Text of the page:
Money is not a problem. A simple sentence, repeated over and over by Housing Minister after Housing Minister. Five words designed to give the impression that the Government are throwing all the necessary resources at tackling the housing crisis. Money is not a problem.
Maybe money should be a problem. In fact, given Fine Gael’s self-styled nonsense about being the party of the fiscally responsible, money should be placed at the very centre of the housing crisis.
I’ve been lucky to sit down and chat with a host of experts on the housing crisis, all of whom agree on one thing. Fine Gael aren’t putting the resources into the right areas. The economic reality is that this government, the one so obsessed with the Debt to GDP ratio, are burning money.
Take the homeless hubs, or as Mary McAuliffe calls them The Poor Warehouses.
The average cost of housing a family is €69,000. Dublin City Council currently have over 950 vacant units in need of a refurbishment. The cost of the refurbishment would be between €30-50k and the works could be completed in a few months.
For €47 million we could give 950 families a home, a permanent home. Money is not a problem.
Instead, in November 2017 alone there were over 1,530 families accessing emergency accommodation. The average time spent in the emergency accommodation system is 3 years, that’s a cost of about €316 million.
€316m to warehouse a national disgrace, or €47m to make a serious effort to address it. Money is not a problem.
If Fine Gael want to be taken seriously as custodians of the economy then they need to address their economic lunacy in tackling the housing crisis. Money is not a problem.
But wait, there’s more. The current crisis isn’t just a homelessness crisis, there’s also a drastic crisis in the availability of affordable housing. Affordable housing should be, by definition, housing that is affordable to the average worker. Taking the latest CSO stats on a double income household and current mortgage lending rules the cost of an Affordable Home should be in or around €240k.
Yet the state are buying homes and selling them to people at a 15% discount of the market value. Given that the average cost of a house in Dublin is €365k this is not affordable housing, nor is it anywhere in reach of the average couple.
This wouldn’t be such a disgusting waste of money if it wasn’t for the fact that, as shown by the Ó Cualann Cooperative, family homes can be built for between €151-168K. That’s affordable housing. It can be done quickly, cheaply and to high building standards. I know, I’ve seen them for myself. Money is not a problem.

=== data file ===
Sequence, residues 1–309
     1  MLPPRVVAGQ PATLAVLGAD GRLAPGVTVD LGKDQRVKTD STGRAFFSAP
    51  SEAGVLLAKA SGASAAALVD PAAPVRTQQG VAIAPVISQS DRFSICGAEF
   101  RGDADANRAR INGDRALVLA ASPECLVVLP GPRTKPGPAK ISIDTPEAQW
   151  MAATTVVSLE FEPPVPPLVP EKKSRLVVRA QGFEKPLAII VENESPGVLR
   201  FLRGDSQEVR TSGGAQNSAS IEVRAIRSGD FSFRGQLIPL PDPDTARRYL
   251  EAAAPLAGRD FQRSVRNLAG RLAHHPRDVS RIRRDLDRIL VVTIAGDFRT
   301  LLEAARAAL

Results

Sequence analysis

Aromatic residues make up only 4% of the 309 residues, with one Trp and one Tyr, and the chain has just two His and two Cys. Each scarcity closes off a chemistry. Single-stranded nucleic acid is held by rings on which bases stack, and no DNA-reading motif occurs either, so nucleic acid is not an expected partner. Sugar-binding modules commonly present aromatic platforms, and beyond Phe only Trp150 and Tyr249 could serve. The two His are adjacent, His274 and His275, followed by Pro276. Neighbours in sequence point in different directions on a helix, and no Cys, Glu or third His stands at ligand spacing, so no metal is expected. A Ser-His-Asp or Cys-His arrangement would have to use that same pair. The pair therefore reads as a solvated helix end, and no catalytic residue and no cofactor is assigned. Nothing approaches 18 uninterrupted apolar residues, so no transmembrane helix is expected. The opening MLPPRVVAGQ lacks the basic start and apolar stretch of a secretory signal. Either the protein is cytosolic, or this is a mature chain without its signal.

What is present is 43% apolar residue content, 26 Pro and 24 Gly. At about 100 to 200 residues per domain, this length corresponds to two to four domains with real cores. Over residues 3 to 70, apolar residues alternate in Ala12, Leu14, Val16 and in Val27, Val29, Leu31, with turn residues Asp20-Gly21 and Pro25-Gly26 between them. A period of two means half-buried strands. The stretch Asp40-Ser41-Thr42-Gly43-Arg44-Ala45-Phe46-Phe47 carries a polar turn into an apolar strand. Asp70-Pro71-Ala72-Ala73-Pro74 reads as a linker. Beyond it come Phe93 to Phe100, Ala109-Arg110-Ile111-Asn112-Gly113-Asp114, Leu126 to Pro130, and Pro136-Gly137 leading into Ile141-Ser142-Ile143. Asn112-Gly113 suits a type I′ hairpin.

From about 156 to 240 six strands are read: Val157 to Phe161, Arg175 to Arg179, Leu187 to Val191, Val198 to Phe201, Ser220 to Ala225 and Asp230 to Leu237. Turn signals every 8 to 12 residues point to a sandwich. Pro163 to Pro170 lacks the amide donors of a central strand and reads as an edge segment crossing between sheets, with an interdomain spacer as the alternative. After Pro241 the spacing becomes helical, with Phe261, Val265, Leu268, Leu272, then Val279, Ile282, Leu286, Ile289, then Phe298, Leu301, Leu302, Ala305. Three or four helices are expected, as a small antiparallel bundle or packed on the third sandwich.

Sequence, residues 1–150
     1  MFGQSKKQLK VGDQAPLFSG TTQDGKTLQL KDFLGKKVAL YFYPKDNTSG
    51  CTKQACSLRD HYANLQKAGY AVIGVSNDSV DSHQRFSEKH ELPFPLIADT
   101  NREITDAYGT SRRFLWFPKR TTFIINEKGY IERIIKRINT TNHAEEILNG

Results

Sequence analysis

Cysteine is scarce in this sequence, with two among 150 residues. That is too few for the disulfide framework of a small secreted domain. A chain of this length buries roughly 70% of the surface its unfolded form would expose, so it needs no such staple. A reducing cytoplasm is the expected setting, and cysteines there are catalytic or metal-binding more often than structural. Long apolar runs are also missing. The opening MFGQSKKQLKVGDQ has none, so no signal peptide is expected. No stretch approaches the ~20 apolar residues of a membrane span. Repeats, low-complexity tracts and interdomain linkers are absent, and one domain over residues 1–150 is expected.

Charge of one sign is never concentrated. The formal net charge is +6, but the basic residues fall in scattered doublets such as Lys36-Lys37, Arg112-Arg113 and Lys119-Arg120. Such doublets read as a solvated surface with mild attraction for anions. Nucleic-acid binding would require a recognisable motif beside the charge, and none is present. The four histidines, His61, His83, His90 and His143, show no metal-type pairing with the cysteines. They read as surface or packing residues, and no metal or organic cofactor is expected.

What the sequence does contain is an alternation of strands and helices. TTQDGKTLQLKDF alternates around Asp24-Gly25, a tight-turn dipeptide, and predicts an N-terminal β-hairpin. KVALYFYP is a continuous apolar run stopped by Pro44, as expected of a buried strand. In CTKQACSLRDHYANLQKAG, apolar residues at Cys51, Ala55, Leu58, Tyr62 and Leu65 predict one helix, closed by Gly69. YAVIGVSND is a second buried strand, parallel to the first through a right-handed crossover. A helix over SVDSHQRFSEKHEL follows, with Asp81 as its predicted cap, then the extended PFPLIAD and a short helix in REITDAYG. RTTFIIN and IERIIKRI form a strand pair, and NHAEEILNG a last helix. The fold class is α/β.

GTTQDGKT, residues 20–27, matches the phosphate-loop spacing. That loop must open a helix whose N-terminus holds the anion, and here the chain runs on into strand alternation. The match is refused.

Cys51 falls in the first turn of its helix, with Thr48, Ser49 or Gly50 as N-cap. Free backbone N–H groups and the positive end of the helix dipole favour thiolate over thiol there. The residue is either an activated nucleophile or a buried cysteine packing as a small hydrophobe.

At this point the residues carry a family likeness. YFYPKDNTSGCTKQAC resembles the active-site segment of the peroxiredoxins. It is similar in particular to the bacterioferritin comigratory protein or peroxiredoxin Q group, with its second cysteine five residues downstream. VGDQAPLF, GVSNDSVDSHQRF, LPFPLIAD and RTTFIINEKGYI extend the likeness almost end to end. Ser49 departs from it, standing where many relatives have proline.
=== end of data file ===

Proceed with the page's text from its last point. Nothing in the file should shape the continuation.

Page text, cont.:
The State could do this on a wide scale, but they are married to private developers and the “free-rigged-market”. The money that is not a problem is going to developers, at roughly 2.5 times the cost per unit when compared to the Ó Cualann Cooperative.
Finally, for today, there’s another black hole that is swallowing money that is not a problem. It’s called the Housing Assistance Payment (HAP) and it devours over half a billion euro a year. HAP as a temporary scheme is a good idea, as Mel Reynolds told me, “you need to keep the patient alive”. But as a long term strategy it is disastrous, socially and economically.
The average HAP payment is €825 per month. A mortgage of say €190k over 20yrs at 3.5% would have a monthly repayment of €800. Now, if the government wanted to they could borrow money at near 0% rates, build houses, or pay someone like Ó Cualann to build them and rent the homes on long term leases, SAVE the state a fortune in HAP and other rent assistance schemes and still own the underlying asset.
These things aren’t complex. What we are doing now is complex. Fine Gael are supposed to be the party that fixes the economy. But they are burning money by choosing the most costly solutions to the crisis.
So listen out for the “money is not a problem” mantra and tell them straight, “no, but it should be, it is the economy, stupid”.
Picture by @Slanecartoons